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The year is winding down. The nominations for all of the awards are starting to trickle in, and many of the movie organizations are releasing their top 10 lists for the year. As a casual moviegoer without access to press screenings, this list is only based on movie's I've seen, and obviously does not include the films that aren't out in theaters yet. While I have no doubt that Django Unchained, Zero Dark Thirty and Les Miserables would likely be on this list, they're not out yet, so therefore they're not included. So, without further ado, my top 10 movies of 2012:
10. The Grey
Early on in 2012, Joe Carnahan, coming off 2010's The A-Team, saw his fourth feature film hit theaters. The Grey, starring a grizzled Liam Neeson, saw Neeson's character and a small group of plane crash survivors fending off a pack of wolves in the Alaskan wilderness, with the wolves slowly picking off members of the group one-by-one. Neeson, coming off one of his biggest hits in Taken, carried the movie with his powerful performance as the de facto leader of the survivors. The film climaxes with Neeson's character finding his way to the wolves' den, proving that just like with all of his other movies, you don't mess with Liam Neeson.
9. The Cabin in the Woods
This horror comedy from the mind of Joss Whedon and Cloverfield writer Drew Goddard took a very simple premise, as the title implies, and turned it, very sharply, on it's head to provide one of the most entertaining and interesting movies of the year. Whedon and Goddard throw a curveball at the audience by revealing that a group of people are controlling the murder of the group in the cabin so they can keep vengeful gods from rising up and destroying the planet. Now, that may sound odd, which it really does, but it really does work. Excellent writing and performances, as well as a shockingly violent third act, help make this one of the must sees of the year.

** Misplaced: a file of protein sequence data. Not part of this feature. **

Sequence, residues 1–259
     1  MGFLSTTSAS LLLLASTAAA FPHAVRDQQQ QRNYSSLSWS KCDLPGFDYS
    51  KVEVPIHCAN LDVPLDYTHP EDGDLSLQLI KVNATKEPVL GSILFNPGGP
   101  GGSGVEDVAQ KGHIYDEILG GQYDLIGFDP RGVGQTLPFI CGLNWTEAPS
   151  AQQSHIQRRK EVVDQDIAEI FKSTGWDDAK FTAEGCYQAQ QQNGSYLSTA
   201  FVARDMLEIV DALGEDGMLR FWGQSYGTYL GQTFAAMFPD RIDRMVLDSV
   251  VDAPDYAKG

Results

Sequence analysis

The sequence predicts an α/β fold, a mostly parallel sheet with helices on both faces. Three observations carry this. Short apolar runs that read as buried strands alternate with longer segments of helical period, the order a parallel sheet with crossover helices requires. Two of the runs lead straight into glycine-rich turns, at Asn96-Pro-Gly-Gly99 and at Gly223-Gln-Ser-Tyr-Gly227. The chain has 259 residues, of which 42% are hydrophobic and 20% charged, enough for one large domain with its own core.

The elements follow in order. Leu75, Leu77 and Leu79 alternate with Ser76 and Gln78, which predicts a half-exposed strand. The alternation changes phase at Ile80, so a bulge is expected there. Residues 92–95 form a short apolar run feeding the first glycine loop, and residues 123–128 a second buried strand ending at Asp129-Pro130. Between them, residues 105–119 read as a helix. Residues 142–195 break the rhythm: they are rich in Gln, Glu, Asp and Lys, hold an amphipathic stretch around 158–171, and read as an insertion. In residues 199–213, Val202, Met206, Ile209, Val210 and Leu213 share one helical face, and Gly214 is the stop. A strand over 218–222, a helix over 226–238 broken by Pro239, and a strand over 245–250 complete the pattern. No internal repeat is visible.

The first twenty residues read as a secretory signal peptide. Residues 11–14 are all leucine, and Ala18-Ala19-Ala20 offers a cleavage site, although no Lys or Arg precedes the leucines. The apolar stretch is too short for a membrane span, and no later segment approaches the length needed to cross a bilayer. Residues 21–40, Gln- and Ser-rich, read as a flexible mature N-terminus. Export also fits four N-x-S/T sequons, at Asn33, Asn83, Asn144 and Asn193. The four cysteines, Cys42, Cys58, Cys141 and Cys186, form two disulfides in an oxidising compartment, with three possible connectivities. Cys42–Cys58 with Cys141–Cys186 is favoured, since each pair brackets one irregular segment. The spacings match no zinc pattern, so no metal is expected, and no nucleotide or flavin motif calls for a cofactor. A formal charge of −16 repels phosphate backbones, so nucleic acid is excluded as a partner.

8. The Amazing Spider-Man
Five years removed from the disappointing Spider-Man 3, we were treated to a reboot of the Spider-Man franchise. This time around, the web-slinger was excellently portrayed by Andrew Garfield, who embodies both the shy teen side of Peter Parker and the cockiness of Spider-Man so well in his first outing as the superhero. In changing the origin story from the previous incarnation, this Spider-Man tale focused more on Peter's relationship with his father's former partner, Dr. Connors, which leads to the Lizard making his first appearance on film (a huge plus, in my opinion). Emma Stone makes a great addition to the franchise as well, and Martin Sheen as Uncle Ben couldn't have been more spot-on. The sequel is already in the works, with Jaime Foxx in line to play Electro, as well as Mary-Jane Watson and Harry Osbourne making appearances as well.
No one really should have been surprised that the first feature film from the creator of Family Guy was going to be a hit. Seth MacFarlane brought every child's favorite toy to life, and did so in the most R-rated way possible. When we first see grown up John Bennett, played by Mark Wahlberg, and his bear Ted in their natural habitat, the pair are smoking weed and cussing up a storm while talking about how Boston girls are annoying in bed. It never lets up from there, as Ted hits everything MacFarlane couldn't get past the FCC with Family Guy: hookers leaving surprises on the apartment floor, Ted fighting a duck while Sam "Flash Gordon" Jones fights a guy he thinks is Emperor Ming, the most unsanitary use of produce, an much much more.
James Bond made his return to the big screen in 2012 with amazing results. Skyfall felt like an old-school Bond movie, going back to the early Connery days. It was dark, gritty and felt real. The villain was menacing, but over-the-top at the same time, and played brilliantly by Javier Bardem. It's rare that you think Bond might actually fail, but when he's up against Bardem's Raoul Silva, anything seems to go. The film also brought back Bond series veterans in Q, portrayed as a young, tech-savvy know-it-all, and Moneypenny, which was a nice touch as the end, similar to what happened with Joseph Gordon-Levitt's character in The Dark Knight Rises. James Bond will return, and if that film tops Skyfall in any way, I can't wait.
5. The Avengers
Fans have been looking forward to this one ever since Iron Man made his big screen debut in 2008. The Hulk got his movie, then Thor and Captain America got theirs, setting the stage for the ultimate team-up movie. And, boy, The Avengers didn't disappoint. From the opening scene establishing Loki as the villain to the closing scene in a mangled New York City, The Avengers delivers on every aspect of a superhero film you could ask for: awesome superheros (of which there are many), humor (of which there is also a lot, thanks to Joss Whedon's sharp script), and amazing action scenes. Whether it was the heroes fighting each other, the attack on the heli-carrier, or the battle for New York, The Avengers had no short of excellent scenes to keep every fan boy happy until the next Marvel movie comes out.